Inevitably, you’re going to have to make a choice about what control underlies this presentation of data, and eventually you’re going to have to implement it.
In this post, I’d like to do a little bit of a study into what control to choose when and why. As usual, I’ll be coming from an HTML/JS perspective, so if you’re wondering what your options are in XAML, Bing is your friend.
As you have probably read, the Metro Windows Store projects in Visual Studio now comes preloaded with a ton of styles for your AppBar. I love this style of button. You get the nice icon and text to indicate what the icon is supposed to mean (sometimes the icon can be confusing). Having both the icon and the text removes the need for users to hover over an icon to see what it’s suppose to be.
As awesome as the style is for buttons on the AppBar, they do have some limitations. They are big, and the text is on the bottom. This design makes it hard to put this style of icon in other parts of your app. Take a look at the Games app. Go all the way to the left and you’ll see your avatar along with ways to do more with your Xbox account. You accomplish these actions with buttons that look a lot like the AppBar buttons.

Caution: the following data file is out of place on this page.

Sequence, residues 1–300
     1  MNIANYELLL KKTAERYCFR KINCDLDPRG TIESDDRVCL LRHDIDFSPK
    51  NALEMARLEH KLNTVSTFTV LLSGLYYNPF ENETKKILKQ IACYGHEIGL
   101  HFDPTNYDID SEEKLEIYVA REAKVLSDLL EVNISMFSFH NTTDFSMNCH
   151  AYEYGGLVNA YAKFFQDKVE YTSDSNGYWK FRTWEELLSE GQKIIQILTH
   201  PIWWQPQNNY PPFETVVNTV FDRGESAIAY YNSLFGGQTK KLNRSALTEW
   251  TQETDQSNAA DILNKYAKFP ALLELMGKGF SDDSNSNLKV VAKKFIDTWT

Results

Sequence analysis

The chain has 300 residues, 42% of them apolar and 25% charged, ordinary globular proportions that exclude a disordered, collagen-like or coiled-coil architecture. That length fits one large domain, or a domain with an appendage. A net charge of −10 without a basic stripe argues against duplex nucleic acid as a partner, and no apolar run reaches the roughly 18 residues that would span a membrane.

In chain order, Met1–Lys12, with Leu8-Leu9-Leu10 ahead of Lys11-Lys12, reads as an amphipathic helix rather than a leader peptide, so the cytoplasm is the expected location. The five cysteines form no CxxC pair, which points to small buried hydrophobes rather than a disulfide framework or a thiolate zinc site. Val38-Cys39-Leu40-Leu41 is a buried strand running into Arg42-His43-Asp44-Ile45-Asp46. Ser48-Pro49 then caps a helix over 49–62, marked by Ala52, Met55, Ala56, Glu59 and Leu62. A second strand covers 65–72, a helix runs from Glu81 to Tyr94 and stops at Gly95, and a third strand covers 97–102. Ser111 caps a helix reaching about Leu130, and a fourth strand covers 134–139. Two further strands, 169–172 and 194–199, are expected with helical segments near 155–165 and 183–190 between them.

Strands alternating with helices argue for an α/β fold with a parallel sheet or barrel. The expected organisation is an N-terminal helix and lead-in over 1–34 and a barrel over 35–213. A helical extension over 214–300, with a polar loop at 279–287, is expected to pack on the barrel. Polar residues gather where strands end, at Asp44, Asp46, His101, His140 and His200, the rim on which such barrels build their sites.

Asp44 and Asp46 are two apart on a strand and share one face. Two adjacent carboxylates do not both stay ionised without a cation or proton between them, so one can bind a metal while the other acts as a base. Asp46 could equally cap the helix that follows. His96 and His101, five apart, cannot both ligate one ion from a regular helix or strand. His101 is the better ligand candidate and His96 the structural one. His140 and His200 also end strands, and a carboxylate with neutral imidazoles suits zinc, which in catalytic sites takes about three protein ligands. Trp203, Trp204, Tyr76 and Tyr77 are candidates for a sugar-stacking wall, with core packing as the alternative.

We are creating a new application for Windows 8 and we need it to connect to our web services. Connecting to the anonymous methods was easy, but when it comes to authenticating the user the situation changes.
MetroLog is a lightweight logging framework designed for Windows Store and Windows Phone 8 apps. Although the API is based on NLog and log4net, the intention is that it's a very basic logging system.
The need for it to be basic comes from the fact that the Windows Store apps API surface area intentionally limited for very specific applications. This project came out of the fact that porting NLog to Windows Store apps is difficult because of it's incredibly rich feature set, most of which is not workable in Windows Store apps.